The Parthenon Marbles -- Past and Future
Evans, James Allan, Contemporary Review
I first saw the Parthenon in 1954 from the deck of an elderly liner named the Nea Hellas as she approached the dock at Piraeus. Two weeks earlier she had departed New York. After seven days at sea we touched at Lisbon, and then on to Naples where the view of Mt. Vesuvius from the harbour was not yet clouded in smog, and we took on a group of English tourists in search of the sun, for 1954 had been a year of almost continuous rain in Britain. They sprawled on the Nea Hellas' deck in various states of undress, while their white flesh seared bright red. But they were on the deck, sore but game, to watch the old liner enter harbour. The atmosphere was limpid, with the marvellous Mediterranean light which once bathed Athens. Rising above the city in the distance was the Acropolis and on it, the Parthenon.
Distance hid its scars, and it had many, for it was almost two and a half millennia old. It was begun in 447 B.C. when Athens was the leader of an alliance put together thirty years earlier to check the ambitions of the Persian Empire. By mid-century, it was clear that Persia's expansionism was well in check, and Athens redirected the revenues of her alliance into a building programme in Athens. As the history textbooks put it, the 'Delian League' which began as an ancient version of NATO, matured into the Athenian Empire, and the income from it financed the Parthenon. The cicerones who guide the hordes of tourists around the Acropolis nowadays like to refer to the Parthenon as the symbol of Athenian democracy. In fact, it is a monument to profitable imperialism.
But great works of art and architecture transcend the motives of their founders. Imperial Athens became a model for the ancient world. Less than two decades after the Parthenon was begun, Athens and her empire were plunged into a life-and-death struggle with her rival, Sparta and her allies, and when it was over, Athens had lost her empire, her navy and much of her prestige. But not all: Athens' reputation as the heartland of classical culture was something that Sparta could not take away. The Parthenon helped guarantee that. It may not have symbolized democracy, but it did come to symbolize what the classical heritage was all about.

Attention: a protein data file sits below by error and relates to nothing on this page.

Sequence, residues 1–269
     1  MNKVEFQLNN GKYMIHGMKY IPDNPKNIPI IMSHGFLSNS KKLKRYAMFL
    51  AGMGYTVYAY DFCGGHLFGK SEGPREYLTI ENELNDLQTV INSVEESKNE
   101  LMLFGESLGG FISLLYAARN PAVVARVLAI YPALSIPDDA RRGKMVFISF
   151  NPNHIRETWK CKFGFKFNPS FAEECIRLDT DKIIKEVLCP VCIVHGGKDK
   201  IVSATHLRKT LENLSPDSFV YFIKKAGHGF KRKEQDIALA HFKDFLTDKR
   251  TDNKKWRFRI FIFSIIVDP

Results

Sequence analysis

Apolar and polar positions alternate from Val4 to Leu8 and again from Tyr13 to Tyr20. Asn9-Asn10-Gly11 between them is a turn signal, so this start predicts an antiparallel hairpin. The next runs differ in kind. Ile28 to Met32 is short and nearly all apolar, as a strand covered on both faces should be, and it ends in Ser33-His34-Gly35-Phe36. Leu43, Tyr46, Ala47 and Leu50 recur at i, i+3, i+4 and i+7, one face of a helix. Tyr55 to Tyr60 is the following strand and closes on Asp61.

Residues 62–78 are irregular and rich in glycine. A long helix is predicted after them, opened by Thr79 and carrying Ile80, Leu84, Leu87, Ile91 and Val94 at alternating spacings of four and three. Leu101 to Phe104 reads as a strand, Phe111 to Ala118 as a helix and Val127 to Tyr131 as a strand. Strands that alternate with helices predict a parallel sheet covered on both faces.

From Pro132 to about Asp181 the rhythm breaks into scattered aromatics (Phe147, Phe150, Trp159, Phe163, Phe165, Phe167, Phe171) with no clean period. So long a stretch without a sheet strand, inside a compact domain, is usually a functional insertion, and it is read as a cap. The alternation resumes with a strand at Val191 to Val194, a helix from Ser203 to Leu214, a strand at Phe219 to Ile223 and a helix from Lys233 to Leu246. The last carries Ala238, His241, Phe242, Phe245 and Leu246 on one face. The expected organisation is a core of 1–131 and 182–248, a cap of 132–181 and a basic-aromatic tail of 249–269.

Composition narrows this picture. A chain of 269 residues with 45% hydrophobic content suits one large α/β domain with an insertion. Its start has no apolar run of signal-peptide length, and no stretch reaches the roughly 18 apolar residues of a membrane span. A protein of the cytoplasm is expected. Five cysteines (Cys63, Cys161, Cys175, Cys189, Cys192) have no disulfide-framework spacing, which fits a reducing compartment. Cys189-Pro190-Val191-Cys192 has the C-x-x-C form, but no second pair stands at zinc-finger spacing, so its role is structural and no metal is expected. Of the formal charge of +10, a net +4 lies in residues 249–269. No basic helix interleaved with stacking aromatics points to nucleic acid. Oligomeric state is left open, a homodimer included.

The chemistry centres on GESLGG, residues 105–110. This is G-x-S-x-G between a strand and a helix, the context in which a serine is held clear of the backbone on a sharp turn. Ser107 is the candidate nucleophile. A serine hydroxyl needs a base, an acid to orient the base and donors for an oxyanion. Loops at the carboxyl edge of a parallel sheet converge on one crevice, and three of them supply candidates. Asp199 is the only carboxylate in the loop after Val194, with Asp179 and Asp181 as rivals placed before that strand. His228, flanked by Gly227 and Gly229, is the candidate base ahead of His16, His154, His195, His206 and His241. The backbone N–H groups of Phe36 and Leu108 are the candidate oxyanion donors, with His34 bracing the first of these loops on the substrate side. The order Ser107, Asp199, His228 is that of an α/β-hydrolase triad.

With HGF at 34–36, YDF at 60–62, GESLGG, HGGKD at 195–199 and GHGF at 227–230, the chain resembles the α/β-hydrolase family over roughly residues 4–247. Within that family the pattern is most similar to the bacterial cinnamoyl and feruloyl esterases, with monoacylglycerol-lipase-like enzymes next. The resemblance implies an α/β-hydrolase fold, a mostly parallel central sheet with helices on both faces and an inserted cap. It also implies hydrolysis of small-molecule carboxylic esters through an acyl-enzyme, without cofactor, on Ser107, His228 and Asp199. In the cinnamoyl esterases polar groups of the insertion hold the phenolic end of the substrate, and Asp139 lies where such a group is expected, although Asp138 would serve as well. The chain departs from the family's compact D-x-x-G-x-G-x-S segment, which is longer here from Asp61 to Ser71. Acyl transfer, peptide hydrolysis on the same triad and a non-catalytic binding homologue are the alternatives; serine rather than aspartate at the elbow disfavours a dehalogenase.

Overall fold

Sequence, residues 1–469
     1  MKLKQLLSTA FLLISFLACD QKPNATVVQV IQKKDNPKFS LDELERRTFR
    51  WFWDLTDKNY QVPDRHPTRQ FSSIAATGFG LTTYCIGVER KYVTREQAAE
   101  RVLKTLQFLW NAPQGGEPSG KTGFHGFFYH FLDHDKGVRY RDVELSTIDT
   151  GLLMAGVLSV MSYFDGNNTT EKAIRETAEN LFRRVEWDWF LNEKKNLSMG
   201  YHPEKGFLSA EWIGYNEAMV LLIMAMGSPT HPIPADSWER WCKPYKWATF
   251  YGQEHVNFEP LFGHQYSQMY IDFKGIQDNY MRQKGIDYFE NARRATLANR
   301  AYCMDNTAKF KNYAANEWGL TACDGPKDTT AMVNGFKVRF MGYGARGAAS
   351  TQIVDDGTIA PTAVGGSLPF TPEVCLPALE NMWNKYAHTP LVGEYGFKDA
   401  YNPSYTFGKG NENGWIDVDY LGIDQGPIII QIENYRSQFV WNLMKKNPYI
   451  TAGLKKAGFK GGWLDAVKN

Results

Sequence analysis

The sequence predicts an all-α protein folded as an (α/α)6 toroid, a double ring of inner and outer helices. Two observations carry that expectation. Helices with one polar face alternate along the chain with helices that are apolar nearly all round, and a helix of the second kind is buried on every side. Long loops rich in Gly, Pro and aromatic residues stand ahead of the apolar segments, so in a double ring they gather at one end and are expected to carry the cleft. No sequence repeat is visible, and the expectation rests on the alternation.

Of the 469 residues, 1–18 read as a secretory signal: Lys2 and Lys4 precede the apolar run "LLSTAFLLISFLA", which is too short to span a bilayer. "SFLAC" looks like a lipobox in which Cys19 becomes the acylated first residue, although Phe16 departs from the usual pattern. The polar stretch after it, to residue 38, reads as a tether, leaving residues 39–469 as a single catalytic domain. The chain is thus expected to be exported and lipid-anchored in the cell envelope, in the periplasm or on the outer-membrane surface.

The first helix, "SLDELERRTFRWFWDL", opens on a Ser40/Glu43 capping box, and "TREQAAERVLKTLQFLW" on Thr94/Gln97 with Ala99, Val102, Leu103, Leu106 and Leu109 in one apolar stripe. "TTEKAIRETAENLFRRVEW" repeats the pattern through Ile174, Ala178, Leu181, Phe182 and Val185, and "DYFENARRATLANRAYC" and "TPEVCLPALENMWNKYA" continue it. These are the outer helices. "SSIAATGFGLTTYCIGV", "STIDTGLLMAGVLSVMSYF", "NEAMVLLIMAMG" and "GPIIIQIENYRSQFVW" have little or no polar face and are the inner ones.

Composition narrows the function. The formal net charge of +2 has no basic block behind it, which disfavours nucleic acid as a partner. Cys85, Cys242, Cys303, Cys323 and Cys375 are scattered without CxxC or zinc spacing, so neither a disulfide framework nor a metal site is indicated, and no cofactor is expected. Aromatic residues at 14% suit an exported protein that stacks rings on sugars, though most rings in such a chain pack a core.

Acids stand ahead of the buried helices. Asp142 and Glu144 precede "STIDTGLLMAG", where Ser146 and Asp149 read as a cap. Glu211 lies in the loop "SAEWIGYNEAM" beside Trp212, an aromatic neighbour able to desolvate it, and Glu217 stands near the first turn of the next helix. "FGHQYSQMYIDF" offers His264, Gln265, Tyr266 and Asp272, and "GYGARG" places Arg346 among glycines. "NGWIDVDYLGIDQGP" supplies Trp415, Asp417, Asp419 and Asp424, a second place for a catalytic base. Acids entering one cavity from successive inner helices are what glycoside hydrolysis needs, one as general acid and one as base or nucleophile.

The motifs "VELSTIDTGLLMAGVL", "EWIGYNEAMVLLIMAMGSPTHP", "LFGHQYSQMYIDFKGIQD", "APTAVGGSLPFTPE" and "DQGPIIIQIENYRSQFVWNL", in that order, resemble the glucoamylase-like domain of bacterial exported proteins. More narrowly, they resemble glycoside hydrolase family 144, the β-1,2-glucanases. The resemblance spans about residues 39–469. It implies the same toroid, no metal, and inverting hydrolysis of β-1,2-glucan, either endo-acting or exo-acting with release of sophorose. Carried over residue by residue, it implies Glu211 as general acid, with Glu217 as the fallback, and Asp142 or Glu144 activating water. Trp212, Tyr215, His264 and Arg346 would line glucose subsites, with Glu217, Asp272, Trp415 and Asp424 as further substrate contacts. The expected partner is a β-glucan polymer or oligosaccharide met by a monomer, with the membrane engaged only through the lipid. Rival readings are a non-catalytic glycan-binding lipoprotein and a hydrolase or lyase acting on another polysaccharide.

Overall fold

The building remained more or less intact until the fifth century anno Domini. The Emperor Augustus had built a round shrine in front of it to put a Roman hallmark on Greece. The Emperor, Hadrian, had treated it kindly: it was he who restored the gold-and-ivory cult statue of Athena Parthenos -- Athena the Virgin -- for the original by the great sculptor Phidias had been damaged by fire beyond recall. Athena still had her followers long after Emperor Constantine I united the Roman Empire's future with the Christian religion. In Athens, paganism took a long time dying. When the cult statue of Athena was removed at last from the Parthenon in the fifth century, the head of the Neoplatonic Academy, whose house is now underneath Dionysios the Areopagite street, dreamed that Athena appeared to him and told him that since she had been ousted from her house, she must now move in with him. The Neoplatonic Academy remained faithful. Its philosophy had only a tenuous connection with Plato, but it kept the faith until 52 9, when the Emperor, Justinian, closed it down. For those who love lost causes, 529 is a notable year.
When Athena the Virgin vacated the Parthenon, the Virgin Mother of God moved in. An apse was built at the east end, and the sculptures of the east pediment, which showed the birth of Athena, were probably destroyed at that time. The west pediment's sculptures, which depicted the contest between Athena and Poseidon for the land of Attica, were more fortunate. The Turks took Athens in 1456 and built a mosque in the Parthenon and added a minaret, but the transformation did no great damage. In the 1670s, the French ambassador in Constantinople, the Marquis de Nointel, had his artist, Jacques Carrey, draw the Parthenon. …